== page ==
- The Fed starts to notice early signs of a slowing economy, confirming a likely pause in interest rate changes for September.
- In Europe, inflation data in some parts of the continent are rising above expectations. This increases uncertainty for the September ECB meeting, but the euro remains under pressure.
- The contraction of the spread between U.S. and European government bonds diverges from the dollar’s rising trend against the euro. Meanwhile, the 200-day moving average shows its first cracks.
Mixed Signals: Navigating the Complex Economic Landscape in the U.S. and Europe
Markets have closely observed the cooling macroeconomic data in the United States. This includes both the job market data, which indicates a slowdown in wage growth rates and thus inflation (though not in the number of new jobs), and those related to the housing market. The first effects were seen in the revision of the Q2 GDP data, which was lower than the expected 2.4% (the data came out at 2.1%).
Perhaps the real data that shocked the bond markets was consumer confidence, which literally plummeted. Impacted by rising fuel prices in the height of summer, Americans lowered their confidence by 10 points, moving from 116 to 106. This is the lowest number since May and also reflects repeated interest rate hikes by the Fed.
The highly anticipated employment data in America nevertheless confirmed the economy’s robustness, with the creation of 187,000 jobs in July. However, the unemployment rate rose to 3.8%. Wage growth rates also slowed down to +0.2% from the previous +0.4%. The stock market reacted positively, interpreting these data as reducing pressure on the Fed.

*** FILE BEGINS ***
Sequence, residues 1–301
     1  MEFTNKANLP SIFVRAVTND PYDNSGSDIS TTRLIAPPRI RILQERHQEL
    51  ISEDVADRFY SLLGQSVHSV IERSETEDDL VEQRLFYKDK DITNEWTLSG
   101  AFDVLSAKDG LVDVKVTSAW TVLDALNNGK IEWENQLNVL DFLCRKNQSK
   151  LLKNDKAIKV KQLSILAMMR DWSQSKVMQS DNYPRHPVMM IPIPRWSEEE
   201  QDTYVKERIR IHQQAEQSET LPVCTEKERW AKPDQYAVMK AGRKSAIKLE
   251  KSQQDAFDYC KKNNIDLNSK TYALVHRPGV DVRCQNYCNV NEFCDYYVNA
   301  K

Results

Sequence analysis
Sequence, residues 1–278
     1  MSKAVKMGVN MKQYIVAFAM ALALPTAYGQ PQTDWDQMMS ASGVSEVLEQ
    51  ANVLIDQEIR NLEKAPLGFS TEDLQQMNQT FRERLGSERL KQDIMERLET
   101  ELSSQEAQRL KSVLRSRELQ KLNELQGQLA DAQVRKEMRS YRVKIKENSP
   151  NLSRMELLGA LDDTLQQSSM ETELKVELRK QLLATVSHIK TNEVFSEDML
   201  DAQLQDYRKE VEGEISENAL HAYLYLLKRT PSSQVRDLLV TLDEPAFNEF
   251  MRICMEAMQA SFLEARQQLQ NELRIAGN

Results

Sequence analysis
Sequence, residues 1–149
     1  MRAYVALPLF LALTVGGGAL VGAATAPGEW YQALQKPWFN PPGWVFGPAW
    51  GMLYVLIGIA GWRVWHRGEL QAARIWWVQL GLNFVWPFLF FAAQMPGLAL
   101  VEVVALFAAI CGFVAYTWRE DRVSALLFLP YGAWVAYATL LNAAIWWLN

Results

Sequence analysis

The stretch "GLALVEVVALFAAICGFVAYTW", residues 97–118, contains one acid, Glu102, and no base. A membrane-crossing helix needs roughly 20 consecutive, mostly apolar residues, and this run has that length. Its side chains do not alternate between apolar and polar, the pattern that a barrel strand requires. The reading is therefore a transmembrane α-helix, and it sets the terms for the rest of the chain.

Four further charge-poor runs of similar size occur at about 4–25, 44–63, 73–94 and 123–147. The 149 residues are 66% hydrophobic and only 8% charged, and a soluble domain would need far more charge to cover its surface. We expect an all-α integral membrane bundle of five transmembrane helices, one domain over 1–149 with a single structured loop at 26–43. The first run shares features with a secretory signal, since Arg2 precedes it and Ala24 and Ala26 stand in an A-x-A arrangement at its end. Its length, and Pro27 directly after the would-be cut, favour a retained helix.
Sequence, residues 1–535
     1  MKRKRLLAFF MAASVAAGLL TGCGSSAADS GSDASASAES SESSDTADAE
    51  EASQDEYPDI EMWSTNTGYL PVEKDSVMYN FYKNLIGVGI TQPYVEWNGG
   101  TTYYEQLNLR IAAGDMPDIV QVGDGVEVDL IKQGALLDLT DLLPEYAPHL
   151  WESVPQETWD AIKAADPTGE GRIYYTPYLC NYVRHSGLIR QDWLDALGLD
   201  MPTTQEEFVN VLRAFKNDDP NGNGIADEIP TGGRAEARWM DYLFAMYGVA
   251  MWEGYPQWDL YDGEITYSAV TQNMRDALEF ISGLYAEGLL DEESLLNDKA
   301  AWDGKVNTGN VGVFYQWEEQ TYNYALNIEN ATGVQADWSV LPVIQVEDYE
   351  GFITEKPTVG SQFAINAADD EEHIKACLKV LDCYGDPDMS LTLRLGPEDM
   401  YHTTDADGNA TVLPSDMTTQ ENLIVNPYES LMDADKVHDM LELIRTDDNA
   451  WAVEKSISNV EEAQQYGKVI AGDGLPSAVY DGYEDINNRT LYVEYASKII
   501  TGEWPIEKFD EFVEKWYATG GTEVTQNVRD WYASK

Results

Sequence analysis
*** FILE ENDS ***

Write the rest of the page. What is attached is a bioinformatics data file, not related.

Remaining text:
Christine Lagarde had warned markets at Jackson Hole. Inflation is not yet conquered in Europe. Indeed, data from Germany and Spain exceeded analysts’ expectations. As we will see shortly, this was not enough for a euro recovery, especially because credit is increasingly struggling to flow downstream.
The ECB is now faced with the dilemma of how to act in September regarding interest rates. This decision could fuel speculation on EurUsd, as we will discuss shortly.
Technical Analysis – EurUsd and European Credit Crunch
The first significant signs of credit contraction noticed in Europe have started to weigh down the euro, anticipating a premature halt in interest rate hikes by Lagarde. The M3 money supply data for June, declining by 0.3% against an expectation of zero, harks back to the times of the Great Financial Crisis. The effects on inflation should not be delayed, even though the numbers do not seem to confirm this. Both core and headline data at 5.3% in August confirm that the decline has stalled.
As clearly seen from the graph where EurUsd is plotted on a black line with an inverted scale, the exchange rate has ceased to move in sync with the spread. While the dollar has reached new highs, the interest rate differential has not widened in favor of Treasuries. Which Indicator Is Misleading?
The 200-day moving average has so far done an excellent job of containing EurUsd, but it is now under pressure for the first time, closing below the dynamic support. Are we completing the third rising low, or are we facing a new and sensational bearish breakout?
The restoration of the uptrend for the euro will inevitably have to go through a rise above 1.08, categorizing the current movement as a bear trap. Only in the case of climbing above 1.12/1.13 could the euro aspire to return to the 1.20 zone.
On the flip side, should there be a confirmed breach of the 1.08 level this week—a level that also coincides with the 200-day moving average—1.03 would emerge as the next target, potentially marking the end of the EurUsd bull market.